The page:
Evaluation of 233 nsSNPs (rare or common) found in ABCA1 transporter indicates that the rare 29 (12.44%) of them resulted to be highly deleterious with a probability >0.8. From 20 sequence variants found in about 16% of individuals with low HDL cholesterol only nine of them, D1706N, R1615P, W590L, C1477R, N1800H, R638Q, T2073A, A1670T, and S1731C, were predicted by MutPred and PolyPhen2 as functionally impaired. We have observed that mostly nsSNPs with verified functional effect in all experimental studies made are correctly predicted as damage variants by MutPred and PolyPhen2 tools. However, controversial experimental data are obtained for those nsSNPs predicted as neutral by both methods. Presumably clinical phenotype is the result of the additive effects and interactions among multiple alleles with different effect degree. Multiple rare alleles in ABCA1 contribute to plasma HDL-c levels in the general population.

Predicting the phenotypic consequence of nsSNPs using computational algorithms provides a better understanding of genetic differences in susceptibility to diseases and drug/nutrient response. These methods predict whether an amino acid altering mutation is deleterious or disease-causing based on physicochemical properties, population frequency, protein structure, and cross-species conservation. However, computational prediction tools are generally based on machine learning algorithms, which need to be trained before classifying a mutation as either neutral or deleterious. A major obstacle of these approaches is the lack of experimentally validated and impartial data sets. A further complication is that mutations in highly conserved sequences do not always produce phenotypes that are easily noticeable. Besides, knowledge of protein structure is crucial to accurately predict functional nsSNPs and understand their linkage with disease. Severe limitation arises thus when protein 3D-structure is not available as the ABCA1 case. Thus, an accurate, efficient, and generally applicable approach is needed to establish a genotype/phenotype correlation. Whole genome sequencing is likely to become a commodity that could be readily available at a reasonable cost and be easily accommodated into the decision making tree of health care of every individual. The challenging task will be to identify variants that are disease-causing or likely disease-causing and develop strategies to prevent and attenuate the evolving phenotype. Likewise, various complementary studies, genetic and biological, would be necessary to discern the associated alleles from the true disease-causing variants. Moreover a better understanding of genome components, such as functional, large intergenic noncoding RNAs, small noncoding RNAs, and primary transcripts, would be essential. An integrated approach that utilizes genomics, transcriptomic, proteomics, and metabolomic would be expected to facilitate identification and characterization of the mechanisms involved in the pathogenesis of the phenotype.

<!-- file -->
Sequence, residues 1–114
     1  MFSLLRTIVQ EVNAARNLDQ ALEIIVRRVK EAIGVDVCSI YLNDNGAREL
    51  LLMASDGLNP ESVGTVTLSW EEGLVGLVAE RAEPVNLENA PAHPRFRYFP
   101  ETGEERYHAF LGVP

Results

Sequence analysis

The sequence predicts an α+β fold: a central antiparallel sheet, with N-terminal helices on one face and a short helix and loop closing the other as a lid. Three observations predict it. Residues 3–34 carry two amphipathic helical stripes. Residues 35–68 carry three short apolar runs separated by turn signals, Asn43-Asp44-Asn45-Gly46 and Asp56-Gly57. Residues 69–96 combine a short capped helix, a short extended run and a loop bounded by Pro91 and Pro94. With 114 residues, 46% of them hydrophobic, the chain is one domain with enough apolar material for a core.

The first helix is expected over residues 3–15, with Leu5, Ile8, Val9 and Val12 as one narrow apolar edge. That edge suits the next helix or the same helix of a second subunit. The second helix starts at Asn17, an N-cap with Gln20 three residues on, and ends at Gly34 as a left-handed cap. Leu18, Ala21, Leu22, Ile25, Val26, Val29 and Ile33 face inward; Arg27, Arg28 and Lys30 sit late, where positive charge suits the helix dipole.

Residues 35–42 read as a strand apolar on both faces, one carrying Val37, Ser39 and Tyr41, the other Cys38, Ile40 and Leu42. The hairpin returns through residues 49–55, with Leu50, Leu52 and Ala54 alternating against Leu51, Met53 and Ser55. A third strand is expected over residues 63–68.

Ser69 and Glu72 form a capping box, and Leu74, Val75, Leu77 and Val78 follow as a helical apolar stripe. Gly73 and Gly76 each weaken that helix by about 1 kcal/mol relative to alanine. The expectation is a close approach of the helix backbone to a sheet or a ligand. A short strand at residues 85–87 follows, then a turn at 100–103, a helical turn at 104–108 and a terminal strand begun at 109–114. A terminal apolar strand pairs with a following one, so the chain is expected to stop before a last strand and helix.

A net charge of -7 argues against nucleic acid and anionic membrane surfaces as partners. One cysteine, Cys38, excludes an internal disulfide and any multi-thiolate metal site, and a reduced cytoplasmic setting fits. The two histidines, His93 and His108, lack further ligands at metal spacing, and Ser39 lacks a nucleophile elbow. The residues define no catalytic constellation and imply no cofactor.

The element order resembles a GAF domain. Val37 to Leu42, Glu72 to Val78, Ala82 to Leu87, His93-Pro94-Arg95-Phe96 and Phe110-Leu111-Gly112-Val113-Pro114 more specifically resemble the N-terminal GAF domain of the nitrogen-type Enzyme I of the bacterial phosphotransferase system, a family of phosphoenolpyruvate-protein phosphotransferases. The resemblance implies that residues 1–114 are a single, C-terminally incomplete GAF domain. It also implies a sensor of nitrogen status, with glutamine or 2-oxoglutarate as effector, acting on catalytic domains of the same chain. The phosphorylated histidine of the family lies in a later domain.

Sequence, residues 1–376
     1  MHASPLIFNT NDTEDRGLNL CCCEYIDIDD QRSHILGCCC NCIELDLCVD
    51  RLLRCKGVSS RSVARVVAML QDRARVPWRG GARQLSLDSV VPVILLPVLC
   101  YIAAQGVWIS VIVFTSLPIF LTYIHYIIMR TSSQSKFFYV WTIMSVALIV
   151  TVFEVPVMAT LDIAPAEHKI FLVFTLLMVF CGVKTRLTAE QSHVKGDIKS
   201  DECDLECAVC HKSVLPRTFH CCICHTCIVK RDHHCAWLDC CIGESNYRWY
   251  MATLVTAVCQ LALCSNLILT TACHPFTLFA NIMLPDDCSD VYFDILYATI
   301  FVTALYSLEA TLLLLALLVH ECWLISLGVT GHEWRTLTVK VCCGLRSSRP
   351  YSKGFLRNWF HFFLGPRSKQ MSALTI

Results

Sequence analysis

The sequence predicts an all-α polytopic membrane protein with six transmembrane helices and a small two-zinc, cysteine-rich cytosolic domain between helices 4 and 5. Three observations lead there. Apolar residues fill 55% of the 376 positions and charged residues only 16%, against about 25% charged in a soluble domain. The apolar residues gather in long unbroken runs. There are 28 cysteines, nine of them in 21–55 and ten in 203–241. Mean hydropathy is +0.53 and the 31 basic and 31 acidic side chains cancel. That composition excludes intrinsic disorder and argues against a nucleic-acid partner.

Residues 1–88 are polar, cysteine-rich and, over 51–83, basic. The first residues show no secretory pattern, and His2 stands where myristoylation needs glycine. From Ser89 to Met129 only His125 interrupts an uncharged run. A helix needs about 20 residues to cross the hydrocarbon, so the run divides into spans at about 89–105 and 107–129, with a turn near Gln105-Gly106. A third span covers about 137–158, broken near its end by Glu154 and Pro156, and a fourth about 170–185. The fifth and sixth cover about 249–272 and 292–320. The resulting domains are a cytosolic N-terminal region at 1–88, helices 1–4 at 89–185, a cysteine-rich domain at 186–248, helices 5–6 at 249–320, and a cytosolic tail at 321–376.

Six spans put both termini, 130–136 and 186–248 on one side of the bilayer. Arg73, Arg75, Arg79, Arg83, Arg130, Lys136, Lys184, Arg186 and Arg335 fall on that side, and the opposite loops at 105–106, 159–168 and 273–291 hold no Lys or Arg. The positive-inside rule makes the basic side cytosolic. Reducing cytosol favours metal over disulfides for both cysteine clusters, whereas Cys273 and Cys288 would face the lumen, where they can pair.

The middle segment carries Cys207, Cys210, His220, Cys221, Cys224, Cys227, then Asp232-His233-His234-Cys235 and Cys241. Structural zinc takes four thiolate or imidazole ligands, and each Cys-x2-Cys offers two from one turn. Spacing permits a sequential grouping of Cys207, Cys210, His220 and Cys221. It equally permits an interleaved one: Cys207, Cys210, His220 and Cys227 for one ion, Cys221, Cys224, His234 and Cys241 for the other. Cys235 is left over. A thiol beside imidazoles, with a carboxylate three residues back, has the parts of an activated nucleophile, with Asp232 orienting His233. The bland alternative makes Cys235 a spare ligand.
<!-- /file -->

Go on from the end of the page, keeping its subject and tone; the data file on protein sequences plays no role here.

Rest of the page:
Conflict of Interests

The authors declare that there is no conflict of interests regarding the publishing of this paper.

Acknowledgment

This work has been supported by European Union Structural Funds.